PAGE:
An Opportunity to Show Commitment

Soon after the planned Westboro protest became public, members of the campus community asked me why we were allowing the protest at Drake (admittedly, on a very small patch of land across the street from the main campus)—a question that deserved a reasoned answer. At the same time, not surprisingly, I learned that a substantial number of students, faculty, and staff were planning a counterprotest. While I personally welcomed the counterprotest, I had concerns that it might play into Westboro’s hands.

To address both protests, I sent a memo (written in careful consultation with legal counsel and several of my administrator and faculty colleagues) to the entire campus community during the week before the event. The memo emphasized our collective responsibility to the values articulated in the Statement of Principles. I began by acknowledging that “our commitment to the role of the university as a haven for free and open discourse” would “be sorely tested” by the demonstration, and went on to state that “our response as a university community . . .  must be consistent with our core values.”

I then cited several passages from the Statement of Principles, including the following: 

Drake University upholds freedom of thought and freedom of expression as central to its educational mission. Drake therefore carefully refrains from restricting the exchange of ideas or regulating the content of speech. We realize that freedom of thought and freedom of expression produce conflict and challenge. We encourage civil debate and discussion of divergent perspectives and opinions in a manner that affirms our community.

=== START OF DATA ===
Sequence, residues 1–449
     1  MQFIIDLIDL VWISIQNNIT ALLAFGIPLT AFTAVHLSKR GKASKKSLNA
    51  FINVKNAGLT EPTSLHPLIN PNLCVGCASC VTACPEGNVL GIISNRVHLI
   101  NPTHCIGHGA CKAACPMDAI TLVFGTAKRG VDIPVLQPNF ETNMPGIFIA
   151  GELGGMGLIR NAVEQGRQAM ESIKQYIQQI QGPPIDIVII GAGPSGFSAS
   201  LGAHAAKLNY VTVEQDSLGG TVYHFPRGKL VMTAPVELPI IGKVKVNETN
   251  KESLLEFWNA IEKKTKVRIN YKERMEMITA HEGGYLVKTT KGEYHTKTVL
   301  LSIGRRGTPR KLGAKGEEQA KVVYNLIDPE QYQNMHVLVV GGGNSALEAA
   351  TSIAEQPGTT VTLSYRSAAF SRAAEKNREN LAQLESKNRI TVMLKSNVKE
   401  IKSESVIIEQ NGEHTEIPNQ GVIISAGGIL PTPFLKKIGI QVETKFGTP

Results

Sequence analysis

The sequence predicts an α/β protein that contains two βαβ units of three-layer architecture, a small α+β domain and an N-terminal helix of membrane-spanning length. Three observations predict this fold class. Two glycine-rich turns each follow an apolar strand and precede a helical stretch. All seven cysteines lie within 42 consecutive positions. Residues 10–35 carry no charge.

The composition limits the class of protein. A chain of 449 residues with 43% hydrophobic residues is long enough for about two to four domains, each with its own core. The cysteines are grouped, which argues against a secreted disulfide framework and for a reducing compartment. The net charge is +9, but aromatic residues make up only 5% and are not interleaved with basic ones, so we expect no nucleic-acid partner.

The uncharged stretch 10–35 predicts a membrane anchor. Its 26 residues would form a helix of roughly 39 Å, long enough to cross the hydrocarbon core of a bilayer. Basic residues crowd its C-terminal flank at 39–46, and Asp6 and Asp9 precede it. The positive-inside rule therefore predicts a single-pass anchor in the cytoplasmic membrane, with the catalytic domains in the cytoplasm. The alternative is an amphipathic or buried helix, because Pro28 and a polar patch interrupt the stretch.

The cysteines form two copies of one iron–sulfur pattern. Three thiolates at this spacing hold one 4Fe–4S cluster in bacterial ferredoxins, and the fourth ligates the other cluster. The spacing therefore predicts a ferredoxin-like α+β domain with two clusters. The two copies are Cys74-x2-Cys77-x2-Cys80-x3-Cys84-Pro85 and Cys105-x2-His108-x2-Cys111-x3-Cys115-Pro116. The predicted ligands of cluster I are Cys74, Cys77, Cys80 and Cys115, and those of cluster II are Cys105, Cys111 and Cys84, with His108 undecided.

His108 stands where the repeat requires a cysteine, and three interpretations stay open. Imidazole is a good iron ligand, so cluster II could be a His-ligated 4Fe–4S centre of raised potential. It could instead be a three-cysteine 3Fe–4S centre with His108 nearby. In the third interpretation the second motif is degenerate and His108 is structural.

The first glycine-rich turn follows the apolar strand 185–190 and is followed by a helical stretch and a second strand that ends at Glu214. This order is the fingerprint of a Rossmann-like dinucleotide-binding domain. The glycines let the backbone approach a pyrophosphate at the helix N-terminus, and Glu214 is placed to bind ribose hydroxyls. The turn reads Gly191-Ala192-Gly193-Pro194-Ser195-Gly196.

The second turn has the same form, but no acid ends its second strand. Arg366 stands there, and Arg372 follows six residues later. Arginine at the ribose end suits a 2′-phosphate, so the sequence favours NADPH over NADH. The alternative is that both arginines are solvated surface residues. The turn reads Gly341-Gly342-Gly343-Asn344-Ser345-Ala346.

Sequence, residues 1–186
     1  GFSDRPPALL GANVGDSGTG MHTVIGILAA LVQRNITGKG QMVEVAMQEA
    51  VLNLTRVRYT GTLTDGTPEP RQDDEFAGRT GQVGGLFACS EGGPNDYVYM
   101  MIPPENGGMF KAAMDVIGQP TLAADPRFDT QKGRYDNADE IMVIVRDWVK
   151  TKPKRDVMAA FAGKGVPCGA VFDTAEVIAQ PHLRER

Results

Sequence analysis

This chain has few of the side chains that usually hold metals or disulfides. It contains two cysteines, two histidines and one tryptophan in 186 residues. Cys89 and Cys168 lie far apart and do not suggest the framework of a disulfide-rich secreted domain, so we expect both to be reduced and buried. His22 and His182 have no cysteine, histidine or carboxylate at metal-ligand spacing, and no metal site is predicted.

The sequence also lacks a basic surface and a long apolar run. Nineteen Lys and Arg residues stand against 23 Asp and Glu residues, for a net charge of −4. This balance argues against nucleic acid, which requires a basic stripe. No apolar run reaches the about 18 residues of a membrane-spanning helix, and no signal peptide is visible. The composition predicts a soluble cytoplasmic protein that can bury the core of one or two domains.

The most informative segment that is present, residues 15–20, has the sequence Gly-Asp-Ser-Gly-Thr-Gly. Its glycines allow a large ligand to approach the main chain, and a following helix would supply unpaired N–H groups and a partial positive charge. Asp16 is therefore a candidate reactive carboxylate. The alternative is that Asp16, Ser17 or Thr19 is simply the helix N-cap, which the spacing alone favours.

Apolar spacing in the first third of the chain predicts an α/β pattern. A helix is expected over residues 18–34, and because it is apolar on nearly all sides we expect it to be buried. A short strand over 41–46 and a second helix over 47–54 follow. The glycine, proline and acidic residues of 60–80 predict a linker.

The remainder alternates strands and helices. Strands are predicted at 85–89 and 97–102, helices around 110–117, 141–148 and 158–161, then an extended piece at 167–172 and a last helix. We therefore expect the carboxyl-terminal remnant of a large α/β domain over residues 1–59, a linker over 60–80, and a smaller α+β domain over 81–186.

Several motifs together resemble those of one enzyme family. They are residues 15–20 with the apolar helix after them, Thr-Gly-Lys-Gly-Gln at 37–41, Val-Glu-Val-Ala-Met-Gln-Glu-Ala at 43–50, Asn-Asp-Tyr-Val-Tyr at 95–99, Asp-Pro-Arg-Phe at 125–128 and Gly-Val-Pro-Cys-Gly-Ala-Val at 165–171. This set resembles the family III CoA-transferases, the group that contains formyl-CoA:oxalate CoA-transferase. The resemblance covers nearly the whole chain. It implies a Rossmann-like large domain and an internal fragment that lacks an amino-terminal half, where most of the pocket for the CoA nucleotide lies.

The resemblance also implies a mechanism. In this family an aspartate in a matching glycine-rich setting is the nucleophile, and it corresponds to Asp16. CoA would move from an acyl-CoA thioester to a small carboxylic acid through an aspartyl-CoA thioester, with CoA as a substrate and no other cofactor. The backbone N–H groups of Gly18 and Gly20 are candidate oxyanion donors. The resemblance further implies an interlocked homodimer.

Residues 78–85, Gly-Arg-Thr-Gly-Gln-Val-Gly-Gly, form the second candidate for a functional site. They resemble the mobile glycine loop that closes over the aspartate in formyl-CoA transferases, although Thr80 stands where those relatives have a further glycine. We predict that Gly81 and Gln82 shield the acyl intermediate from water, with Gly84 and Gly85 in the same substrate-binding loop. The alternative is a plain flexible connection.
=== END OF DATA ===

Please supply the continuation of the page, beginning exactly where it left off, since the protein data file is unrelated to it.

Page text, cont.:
I emphasized the vital role of the university as precisely the place where the community should come together to debate critical issues—a place where people are encouraged and supported in expressing their views without fear of reprisal. But, I noted, that does not mean without consequence; people must take responsibility for their words and actions, and subject them to the scrutiny of others. Again, from the Statement of Principles: 

Drake University declares its abhorrence of statements that demean, denigrate, humiliate, or express hatred toward members of the university community. . . . Any individual who uses bigoted or vicious speech and thereby betrays the ideal of mutual respect and goodwill toward all members of the university community may expect strong and public censure by the administration, faculty, and students. . . . To rebuke a speaker for the error of his or her ideas or for the odious nature of their expression is part of the robust and vigorous public debate that is the central purpose of the university.

The memo concluded with the following statement (originally in italics): “This is an opportunity to put our words into action—to show that we can act with dignity, restraint and wisdom in the face of challenges to our own standards of discourse and behavior, and to our core commitments as a community to inclusion and tolerance.